The National Environmental Act of 2019 repeals the law that earlier governed environmental management, the National Environmental Act Cap 153. This new law goes ahead to provide for emerging environmental issues such as climate change, hazardous chemicals and biodiversity offsets among other issues. It also provides for the continuous management of environmental issues by National Environmental Management Authority (NEMA) as the watchdog of all environmental problems. By and large, the National Environmental Act does much to protect the environment in an era where nature and things connected to environment are being threatened by humanity. The Act commenced on 24th February 2019 on a date appointed by the Minister of Water and Environment.

Highlights of the Act

  • In consultation with the Authority, a lead agency which is mandated to oversee a project in a specific area will make guidelines to address the impacts of climate change. This will include measures of mitigating any effects of climate change.
  • All those that deal in hazardous chemicals are now required to register the hazardous chemicals with the relevant lead agency. The Act further provides that for one to deal in the export, import or anything related to hazardous products he or she must apply for a licence for the same.
  • The Act provides that strategic environmental assessments to be carried out where there is likely to be vast and significant effects on human health of the environment by a lead agency when it comes to activities relating to landscapes or other areas that are likely to be large investments among other activities.
  • Furthermore, the Act prohibits the use of plastic products made from polymers and ethene (polythene) also locally known as “Kavera”. The Act mandates the Uganda National Bureau of Standards to enforce the illegal use of kavera except from those that are legally authorised to.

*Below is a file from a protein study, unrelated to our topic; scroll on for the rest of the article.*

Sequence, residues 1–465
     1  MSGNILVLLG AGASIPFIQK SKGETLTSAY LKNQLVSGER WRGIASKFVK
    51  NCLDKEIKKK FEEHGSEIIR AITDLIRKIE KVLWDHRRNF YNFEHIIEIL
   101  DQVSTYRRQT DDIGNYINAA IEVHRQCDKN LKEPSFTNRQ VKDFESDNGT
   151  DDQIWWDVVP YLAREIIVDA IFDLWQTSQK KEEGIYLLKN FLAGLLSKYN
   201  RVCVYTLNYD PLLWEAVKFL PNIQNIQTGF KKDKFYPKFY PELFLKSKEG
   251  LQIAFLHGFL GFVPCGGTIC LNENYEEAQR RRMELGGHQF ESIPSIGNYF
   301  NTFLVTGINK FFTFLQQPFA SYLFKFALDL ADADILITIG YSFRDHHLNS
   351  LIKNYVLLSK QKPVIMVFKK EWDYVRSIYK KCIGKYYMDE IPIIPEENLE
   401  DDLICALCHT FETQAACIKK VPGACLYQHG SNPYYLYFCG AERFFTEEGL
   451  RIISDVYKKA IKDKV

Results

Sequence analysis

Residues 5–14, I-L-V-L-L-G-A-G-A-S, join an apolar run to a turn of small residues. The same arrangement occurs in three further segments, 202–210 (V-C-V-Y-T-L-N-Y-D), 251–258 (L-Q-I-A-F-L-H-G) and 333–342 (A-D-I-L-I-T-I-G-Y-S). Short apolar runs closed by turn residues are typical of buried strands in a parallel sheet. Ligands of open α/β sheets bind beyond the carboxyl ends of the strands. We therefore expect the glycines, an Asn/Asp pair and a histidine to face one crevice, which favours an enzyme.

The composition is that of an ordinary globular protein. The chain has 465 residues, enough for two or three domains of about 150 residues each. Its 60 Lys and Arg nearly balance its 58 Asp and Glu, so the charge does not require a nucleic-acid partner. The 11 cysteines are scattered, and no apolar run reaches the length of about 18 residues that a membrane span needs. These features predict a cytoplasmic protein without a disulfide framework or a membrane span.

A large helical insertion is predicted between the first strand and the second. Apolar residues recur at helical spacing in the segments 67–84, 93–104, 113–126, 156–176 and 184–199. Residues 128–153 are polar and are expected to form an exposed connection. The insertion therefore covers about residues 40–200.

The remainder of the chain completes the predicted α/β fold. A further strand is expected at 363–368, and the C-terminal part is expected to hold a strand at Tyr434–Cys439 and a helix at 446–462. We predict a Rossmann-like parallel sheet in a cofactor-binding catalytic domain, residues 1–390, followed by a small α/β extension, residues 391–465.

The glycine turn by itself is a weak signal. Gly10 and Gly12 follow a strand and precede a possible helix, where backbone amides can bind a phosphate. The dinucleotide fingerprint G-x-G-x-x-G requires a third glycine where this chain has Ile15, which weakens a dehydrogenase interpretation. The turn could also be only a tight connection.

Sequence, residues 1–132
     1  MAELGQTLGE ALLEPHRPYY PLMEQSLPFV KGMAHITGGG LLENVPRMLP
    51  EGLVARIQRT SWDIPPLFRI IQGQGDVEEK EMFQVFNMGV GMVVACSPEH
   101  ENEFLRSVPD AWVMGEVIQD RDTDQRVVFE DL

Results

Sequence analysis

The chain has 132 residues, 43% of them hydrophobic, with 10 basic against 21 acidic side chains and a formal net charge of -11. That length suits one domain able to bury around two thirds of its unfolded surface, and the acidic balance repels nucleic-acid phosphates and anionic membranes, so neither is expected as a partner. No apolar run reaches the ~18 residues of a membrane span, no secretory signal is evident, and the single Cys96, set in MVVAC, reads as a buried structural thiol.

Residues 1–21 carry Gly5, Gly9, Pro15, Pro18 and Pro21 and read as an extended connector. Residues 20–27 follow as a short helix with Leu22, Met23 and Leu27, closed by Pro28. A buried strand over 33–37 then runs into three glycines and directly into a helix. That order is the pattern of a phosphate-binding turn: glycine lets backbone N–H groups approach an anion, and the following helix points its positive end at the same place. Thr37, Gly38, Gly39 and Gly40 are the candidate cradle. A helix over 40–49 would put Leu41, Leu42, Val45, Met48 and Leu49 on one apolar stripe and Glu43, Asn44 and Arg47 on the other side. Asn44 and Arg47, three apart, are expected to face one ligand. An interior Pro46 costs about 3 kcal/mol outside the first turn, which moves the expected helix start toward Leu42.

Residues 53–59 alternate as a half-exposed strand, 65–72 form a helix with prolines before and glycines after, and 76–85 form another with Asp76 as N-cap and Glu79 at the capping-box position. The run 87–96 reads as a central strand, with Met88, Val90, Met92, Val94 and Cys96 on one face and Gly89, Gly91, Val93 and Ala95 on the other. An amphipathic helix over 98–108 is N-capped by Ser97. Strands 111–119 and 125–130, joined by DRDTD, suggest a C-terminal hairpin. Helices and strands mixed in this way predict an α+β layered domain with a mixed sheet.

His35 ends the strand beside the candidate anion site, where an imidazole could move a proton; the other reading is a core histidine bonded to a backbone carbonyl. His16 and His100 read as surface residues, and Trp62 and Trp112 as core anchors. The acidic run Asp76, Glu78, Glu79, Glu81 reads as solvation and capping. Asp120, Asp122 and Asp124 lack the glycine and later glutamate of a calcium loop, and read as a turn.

• Littering of any kind is prohibited by the Act. It further provides that no one should allow any person to litter on the roadside, public street, ditch, river system among other places.
  • The Act also provides that entities or persons that deal in petroleum activities will have and will be responsible for the proper management of the petroleum waste.
  • Lastly, the Act establishes or puts in place the environmental protection forces whose mandate is to enforce the provisions of this Act.

Key Issues and analysis

The National Environmental Act 2019 provides for the emerging and important matters that have for so long affected the environment in Uganda that were not provided for under the National Environmental Act Cap 153. The National Environment Act 2019 repeals and replaces the NEA. It addresses emerging environmental issues including climate change, the management of hazardous chemicals, the environmental concerns arising out of petroleum activities and the management of plastics. It also establishes a specialised unit, the Environmental Protection Force, to handle enforcement. Lastly, the National Environmental Act 2019 creates new offences and greatly enhances the penalties both in monetary fines and custodial sentences.


Uganda has taken a long overdue step to revamp its 24-year old environmental law, the National Environment Act Cap. 153. An amendment was necessary given the massive infrastructure projects in the energy sector, the planned infrastructure of a refinery and pipelines in the oil and gas space, the imminent production of oil, increasing urbanisation and the consequent pressures on land, and climate change. The National Environmental Act Cap 153, drafted in 1995, had long passed its sell by date and sorely needed an overhaul to address the new issues.

This Act provides for the emerging & important matters that have for so long affected the environment in Uganda that were not provided for.